Culture Shock's only full length album from 1988.
It does contain more songs and less dub than appear on their shorter e.p. releases, but it does allow ex-Subhuman Dick Lucas to really show off his lyrical prowess; and boy, did Dick have a lot to say.
Despite the band's Marxist/Anarcho bent, their bass-heavy take on ska has an uplifting feel to it; and on close examination Dick's lyrics readily sway towards positivity; he may have been critical of the society of the nineteen-eighties, but he often offered solutions: radical, yes; but solutions none the less.
Occasionally his songs are more personal than political; and what can seem a typical polemic against the state actually turns out to be an angsty rumination about the state of the relationship he has with his girlfriend.
There is also frustration expressed about the elitism and segregation associated with counter cultural groups and tribes.
'He didn't come here to feel like this' from the track 'United' captures that attitude very well, and Lucas was brave enough to have provoked his own audience into thinking about the uniforms they were wearing; the rules and conventions that determined their sense of belonging;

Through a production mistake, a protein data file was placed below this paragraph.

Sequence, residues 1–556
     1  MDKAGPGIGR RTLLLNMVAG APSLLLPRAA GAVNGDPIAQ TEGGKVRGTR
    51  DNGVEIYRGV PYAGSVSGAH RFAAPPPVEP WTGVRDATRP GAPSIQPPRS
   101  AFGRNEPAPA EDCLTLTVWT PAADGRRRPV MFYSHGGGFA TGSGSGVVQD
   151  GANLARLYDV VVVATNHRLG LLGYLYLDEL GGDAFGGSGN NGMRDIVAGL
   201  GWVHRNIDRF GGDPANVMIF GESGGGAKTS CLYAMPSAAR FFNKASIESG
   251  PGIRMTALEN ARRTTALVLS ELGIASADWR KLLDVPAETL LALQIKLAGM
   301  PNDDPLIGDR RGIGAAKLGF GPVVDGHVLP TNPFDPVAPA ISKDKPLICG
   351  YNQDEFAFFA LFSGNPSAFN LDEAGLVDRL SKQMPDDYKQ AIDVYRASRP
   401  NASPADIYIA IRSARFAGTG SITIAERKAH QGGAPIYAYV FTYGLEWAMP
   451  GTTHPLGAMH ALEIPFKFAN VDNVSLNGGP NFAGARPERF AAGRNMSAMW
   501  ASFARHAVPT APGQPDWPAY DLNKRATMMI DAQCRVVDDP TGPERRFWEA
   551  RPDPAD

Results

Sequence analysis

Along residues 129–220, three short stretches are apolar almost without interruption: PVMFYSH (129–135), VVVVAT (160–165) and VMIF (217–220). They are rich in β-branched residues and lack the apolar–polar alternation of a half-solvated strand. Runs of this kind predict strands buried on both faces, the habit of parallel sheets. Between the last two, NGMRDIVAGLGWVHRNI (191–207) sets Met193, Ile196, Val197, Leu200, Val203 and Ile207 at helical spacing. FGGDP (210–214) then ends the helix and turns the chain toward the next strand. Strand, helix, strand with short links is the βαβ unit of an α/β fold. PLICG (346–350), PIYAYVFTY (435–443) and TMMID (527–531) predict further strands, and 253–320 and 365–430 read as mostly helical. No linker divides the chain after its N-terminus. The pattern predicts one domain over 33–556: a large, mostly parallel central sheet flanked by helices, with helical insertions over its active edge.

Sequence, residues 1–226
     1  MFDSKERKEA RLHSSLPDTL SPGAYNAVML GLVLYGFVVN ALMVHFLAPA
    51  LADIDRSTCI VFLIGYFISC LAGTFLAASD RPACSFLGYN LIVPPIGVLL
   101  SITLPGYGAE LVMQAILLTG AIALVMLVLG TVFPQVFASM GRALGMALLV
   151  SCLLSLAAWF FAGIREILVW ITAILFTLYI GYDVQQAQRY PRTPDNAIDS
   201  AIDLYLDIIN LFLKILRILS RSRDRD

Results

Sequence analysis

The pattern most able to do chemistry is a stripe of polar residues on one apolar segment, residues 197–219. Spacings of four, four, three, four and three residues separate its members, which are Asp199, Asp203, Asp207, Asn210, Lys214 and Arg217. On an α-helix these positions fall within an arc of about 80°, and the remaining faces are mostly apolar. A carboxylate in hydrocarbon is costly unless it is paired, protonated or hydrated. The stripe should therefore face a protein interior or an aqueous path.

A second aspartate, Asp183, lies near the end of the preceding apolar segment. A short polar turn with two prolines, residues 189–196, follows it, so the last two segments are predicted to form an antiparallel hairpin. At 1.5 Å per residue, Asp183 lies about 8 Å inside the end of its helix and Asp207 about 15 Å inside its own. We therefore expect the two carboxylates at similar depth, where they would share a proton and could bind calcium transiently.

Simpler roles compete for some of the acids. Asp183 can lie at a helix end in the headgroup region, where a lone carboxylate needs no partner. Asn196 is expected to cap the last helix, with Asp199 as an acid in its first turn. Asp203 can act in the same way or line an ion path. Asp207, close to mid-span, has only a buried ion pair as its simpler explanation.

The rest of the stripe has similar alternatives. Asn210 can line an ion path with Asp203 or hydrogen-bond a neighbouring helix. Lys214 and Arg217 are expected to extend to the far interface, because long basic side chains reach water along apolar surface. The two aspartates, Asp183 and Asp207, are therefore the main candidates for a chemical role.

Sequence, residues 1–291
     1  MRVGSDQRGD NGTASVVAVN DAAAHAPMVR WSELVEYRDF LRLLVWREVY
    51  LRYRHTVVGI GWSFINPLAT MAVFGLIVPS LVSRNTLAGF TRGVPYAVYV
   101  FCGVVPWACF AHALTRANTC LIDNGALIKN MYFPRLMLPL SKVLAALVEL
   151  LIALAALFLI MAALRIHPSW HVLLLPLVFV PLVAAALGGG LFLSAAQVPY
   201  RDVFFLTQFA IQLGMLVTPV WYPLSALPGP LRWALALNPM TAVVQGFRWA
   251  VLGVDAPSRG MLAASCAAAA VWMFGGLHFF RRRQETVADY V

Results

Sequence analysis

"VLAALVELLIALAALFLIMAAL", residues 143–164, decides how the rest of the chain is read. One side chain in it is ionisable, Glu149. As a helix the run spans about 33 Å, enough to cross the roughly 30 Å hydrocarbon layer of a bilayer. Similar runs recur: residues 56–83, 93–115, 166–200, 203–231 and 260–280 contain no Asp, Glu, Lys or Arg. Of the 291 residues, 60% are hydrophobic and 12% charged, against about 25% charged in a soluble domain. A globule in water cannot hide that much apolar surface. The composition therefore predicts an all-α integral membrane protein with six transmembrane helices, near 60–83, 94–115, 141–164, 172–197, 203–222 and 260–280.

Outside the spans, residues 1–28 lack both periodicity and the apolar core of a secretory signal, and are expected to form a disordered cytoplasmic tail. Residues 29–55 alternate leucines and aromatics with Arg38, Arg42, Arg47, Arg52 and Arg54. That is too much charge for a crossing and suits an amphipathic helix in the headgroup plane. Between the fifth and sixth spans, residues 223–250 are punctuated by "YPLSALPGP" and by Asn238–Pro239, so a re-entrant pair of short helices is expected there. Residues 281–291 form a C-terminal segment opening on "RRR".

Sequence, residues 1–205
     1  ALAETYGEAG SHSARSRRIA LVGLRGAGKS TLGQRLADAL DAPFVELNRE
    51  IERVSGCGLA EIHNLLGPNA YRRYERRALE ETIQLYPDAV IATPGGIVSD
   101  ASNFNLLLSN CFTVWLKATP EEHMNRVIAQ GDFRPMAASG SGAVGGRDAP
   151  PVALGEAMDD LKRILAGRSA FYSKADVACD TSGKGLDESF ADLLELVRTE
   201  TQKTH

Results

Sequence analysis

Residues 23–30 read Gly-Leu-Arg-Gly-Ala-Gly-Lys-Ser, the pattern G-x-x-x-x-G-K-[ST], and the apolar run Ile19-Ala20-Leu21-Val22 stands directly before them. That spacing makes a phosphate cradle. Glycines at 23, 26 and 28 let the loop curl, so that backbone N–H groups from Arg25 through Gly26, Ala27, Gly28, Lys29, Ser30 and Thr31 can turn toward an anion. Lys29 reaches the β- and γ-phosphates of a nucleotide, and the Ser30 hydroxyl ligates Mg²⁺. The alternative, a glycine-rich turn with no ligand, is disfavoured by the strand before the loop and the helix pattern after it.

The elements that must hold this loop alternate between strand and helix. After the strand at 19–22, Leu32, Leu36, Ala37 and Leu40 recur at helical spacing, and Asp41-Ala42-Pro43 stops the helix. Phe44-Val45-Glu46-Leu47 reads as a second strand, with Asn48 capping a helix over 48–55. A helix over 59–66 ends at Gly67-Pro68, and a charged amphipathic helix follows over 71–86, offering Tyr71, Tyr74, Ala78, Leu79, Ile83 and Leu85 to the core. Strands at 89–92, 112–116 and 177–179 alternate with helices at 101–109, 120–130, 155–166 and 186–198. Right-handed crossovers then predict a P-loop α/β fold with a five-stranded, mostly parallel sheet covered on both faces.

This album also includes 'Civilization Street', one of Culture Shock's greatest tunes; a track that takes me right back; I just want to get out and put on my old NATO boots and have a good old stomp about....
Culture Shock - Onwards and Upwards (1988)
You Are Not Alone
If You Don't Like It
When the Fighting's Over
Open Mind Surgery
Don't Worry About It
Decent Cassette rip @320kbs
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